"‘A Purpose in Every Stroke': Brush's Images of Indian Artisanry," by Emily D. Shapiro, links the painter with a far broader movement of his era than an interest in Native American art. The Arts and Crafts movement that swept through England for a decade or more became a very forceful influence in the United States during the 1890s and beyond. Architecture, room interiors, furnishings, ceramics, and all types of applied arts were revitalized, leading to an increasing fascination with the arts and crafts of the American Indian. Collecting artifacts, and the contributions of various tribes, became a priority in many American museums as well as the basis for popular articles in journals and newspapers. With so many in revolt against "the crudity of modern times," Brush believed he was in step with the general trend followed by craftsmen and creators as he stressed the value of Indian individuality as found in their crafted objects from blankets to ceramics. Some of Brush's paintings emphasized the importance of this tradition by showing the American natives, as in The Weaver, working at their craft. Emily Shapiro thoughtfully expands the parameters of the publication by placing Brush within this larger contextual matrix.

Following the essays with a specific focus on the way Brush created, the catalogue moves toward centering him within the context of his era, a move that is further stressed in Diane Dillon's excellent essay "Indians and ‘Indianicity' at the 1893 World's Fair." By providing a link to what was happening in the United States at a key moment in Brush's career, the author further shows how he was a figure of his times. The placement of American Indian objects on display, the construction of huts on the 1893 Fair grounds, made Indian objects accessible to a public eager to know more about indigenous people. The display of these materials, as Dillon carefully reveals, made the 1893 Worlds Columbian Exposition a location where the commercialization of objects suggested a marketplace mentality. Indianicity was everywhere "… (serving) as a medium of exchange, lubricating concrete and conceptual transactions" (117). Since Indians were everywhere at the Fair, it was possible for collectors to more fully understand what Brush offered in his paintings. Buffalo Bill Cody's Wild West Show was positioned near the Fair. It was very popular and the Dakota Indians who were part of it were a source of fascination for Europeans as well as Americans. Another role for Brush's art is also suggested, one that is very important to propose. As Dillon posits "despite his devotion to high art, Brush, in prizing the most patently primitive and visually attractive aspects of Indian life, also shared the priorities of commercial exhibitors who traded on the value of Indianicity" (123). With this proposition, Dillon intimates another way to read Brush's production against his own desire to be topical and to succeed with images that were desired by potential collectors. His paintings shown at the Chicago fair were, however, his last major presentation of "himself as a painter of American Indians" (125). Although the closing statements in this essay suggest that Brush disliked his American Indian paintings because he considered them as an immature phase in his development, the remainder of the catalogue goes on to sensitively study each painting in this series (twenty canvases in total) in detailed entries that further explicate some of the issues raised in each of the essays.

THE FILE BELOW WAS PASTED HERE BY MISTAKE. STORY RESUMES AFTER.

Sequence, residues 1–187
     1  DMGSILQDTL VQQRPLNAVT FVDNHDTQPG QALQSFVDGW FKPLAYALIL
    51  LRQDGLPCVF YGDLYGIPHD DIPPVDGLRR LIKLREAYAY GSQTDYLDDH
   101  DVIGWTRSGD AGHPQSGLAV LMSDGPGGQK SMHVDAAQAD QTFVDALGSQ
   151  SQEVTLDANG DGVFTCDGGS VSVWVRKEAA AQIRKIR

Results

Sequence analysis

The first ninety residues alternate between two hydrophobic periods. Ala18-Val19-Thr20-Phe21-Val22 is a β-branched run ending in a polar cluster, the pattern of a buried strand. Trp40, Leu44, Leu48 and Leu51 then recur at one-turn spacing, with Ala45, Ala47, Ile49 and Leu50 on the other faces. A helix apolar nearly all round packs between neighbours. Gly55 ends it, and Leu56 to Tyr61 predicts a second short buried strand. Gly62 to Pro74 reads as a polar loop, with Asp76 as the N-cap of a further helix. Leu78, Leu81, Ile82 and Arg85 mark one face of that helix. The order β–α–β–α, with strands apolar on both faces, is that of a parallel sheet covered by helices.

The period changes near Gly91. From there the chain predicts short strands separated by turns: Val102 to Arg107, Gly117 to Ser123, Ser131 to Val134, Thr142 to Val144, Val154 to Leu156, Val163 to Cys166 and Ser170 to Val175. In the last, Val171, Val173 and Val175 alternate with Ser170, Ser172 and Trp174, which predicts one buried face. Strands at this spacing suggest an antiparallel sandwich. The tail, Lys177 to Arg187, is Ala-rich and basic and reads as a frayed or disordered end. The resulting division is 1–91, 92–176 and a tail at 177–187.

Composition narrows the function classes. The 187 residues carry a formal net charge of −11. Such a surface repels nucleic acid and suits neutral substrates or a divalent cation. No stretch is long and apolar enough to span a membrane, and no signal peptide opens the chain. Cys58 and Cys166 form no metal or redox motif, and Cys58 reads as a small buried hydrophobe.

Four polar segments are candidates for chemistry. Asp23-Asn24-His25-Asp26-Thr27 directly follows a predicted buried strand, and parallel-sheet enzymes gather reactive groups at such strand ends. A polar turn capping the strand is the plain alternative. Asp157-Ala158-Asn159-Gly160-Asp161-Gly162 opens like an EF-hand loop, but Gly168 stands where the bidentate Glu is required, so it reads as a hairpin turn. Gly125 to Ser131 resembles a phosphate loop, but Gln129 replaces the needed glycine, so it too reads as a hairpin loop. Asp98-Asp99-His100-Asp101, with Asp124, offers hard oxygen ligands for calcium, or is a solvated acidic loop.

Brush has been seen as a difficult artist to discuss, as his paintings are seen by many to reflect a popular taste often at odds with the higher goals of serious art. Some of these issues emerge when one carefully studies certain paintings in the catalogue. But the book (and obviously the show that spawned the publication) achieves its intended purpose: for Brush to be seen and studied with renewed appreciation and depth. His paintings reflect much of what American painters were trying to achieve at the end of the nineteenth century—respect and parity with the contemporary art scene in Europe. The fact that Brush achieved this parity through idealized images of the American Indian was to his credit. In seeing these paintings as the products of far larger impulses, and in recognizing how Brush responded to these tendencies, on his own or with the help of others, provides a clear-headed historical dimension to works that were hitherto misunderstood. The brilliance of this catalogue, which is a model of scholarly intensity, provides a clear way in which an interpretive exhibition can be valued for years to come.

Gabriel P. Weisberg
University of Minnesota
vooni1942[at]aol.com



 

[1] The exhibition was organized by the National Gallery of Art, Washington, D.C., in association with the Seattle Art Museum, and shown in Washington, D.C. from September 14, 2008-January 4, 2009, and in Seattle from February 26-May 24, 2009.